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Arch Biochem Biophys. 1995 Aug 20;321(2):421-8.

Detergent solubilization of membrane-bound methane monooxygenase requires plastoquinol analogs as electron donors.

Author information

1
Department of Biochemistry, Robert C. Byrd Health Sciences Center, West Virginia University School of Medicine, Morgantown 26506-9142, USA.

Abstract

Quinols can provide reducing equivalents for the membrane-bound form of methane monooxygenase (pMMO), substituting for NADH in whole cells and membranes. Furthermore, quinols are effective reductants for the detergent-solubilized enzyme, whereas NADH is ineffective. The decyl analog of plastoquinol and duroquinol (2,3,5,6-tetramethylbenzoquinol) provide the greatest methane monooxygenase activity in whole cells and membrane suspensions, as well as detergent-solubilized samples. Lauryl maltoside is by far the best detergent for solubilization of catalytically active methane monooxygenase. Optimal pMMO activity in the detergent-solubilized fraction is obtained with a ratio of approximately 1.7 mg of detergent per milligram of membrane protein, independent of protein concentration. The detergent-solubilized pMMO retains its sensitivity to inhibition by cyanide, acetylene, and EDTA. It is also stimulated by exogenous copper, as in isolated membrane fractions. Reaction of the detergent-solubilized enzyme with [14C]acetylene results in labeling of a 26-kDa peptide, analogous to the behavior observed for isolated membrane suspensions. The selectivity of pMMO for duroquinol and decyl-plastoquinol, relative to other structurally similar quinols, suggests that the enzyme obtains reducing equivalents directly from a quinol (probably plastoquinol) in vivo.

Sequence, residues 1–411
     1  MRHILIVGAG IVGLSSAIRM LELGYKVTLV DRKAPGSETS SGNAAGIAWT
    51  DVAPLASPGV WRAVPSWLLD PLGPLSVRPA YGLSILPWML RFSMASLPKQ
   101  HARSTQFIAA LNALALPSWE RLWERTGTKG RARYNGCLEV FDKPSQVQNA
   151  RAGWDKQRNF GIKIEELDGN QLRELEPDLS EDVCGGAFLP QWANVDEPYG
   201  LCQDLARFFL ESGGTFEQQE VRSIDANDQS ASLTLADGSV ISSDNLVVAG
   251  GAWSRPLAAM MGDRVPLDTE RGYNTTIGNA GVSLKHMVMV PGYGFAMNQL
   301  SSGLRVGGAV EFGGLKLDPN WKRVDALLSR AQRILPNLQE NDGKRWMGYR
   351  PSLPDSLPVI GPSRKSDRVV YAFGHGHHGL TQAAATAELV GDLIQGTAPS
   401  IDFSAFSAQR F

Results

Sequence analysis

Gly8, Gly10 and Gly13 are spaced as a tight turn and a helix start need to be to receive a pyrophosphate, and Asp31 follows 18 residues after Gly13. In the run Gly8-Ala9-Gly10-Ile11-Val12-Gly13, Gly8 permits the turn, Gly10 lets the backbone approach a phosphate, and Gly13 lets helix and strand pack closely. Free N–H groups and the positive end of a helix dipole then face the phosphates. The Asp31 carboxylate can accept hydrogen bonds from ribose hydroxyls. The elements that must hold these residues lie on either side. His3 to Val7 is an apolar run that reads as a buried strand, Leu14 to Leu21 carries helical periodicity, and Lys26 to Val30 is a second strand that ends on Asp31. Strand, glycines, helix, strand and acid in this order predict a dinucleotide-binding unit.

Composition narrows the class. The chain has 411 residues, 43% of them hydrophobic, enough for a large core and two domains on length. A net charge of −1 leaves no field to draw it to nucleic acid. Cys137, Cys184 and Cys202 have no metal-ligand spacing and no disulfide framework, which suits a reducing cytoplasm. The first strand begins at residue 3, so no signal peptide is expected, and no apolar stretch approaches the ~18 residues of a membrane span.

PMID:
7646068
DOI:
10.1006/abbi.1995.1413
[Indexed for MEDLINE]

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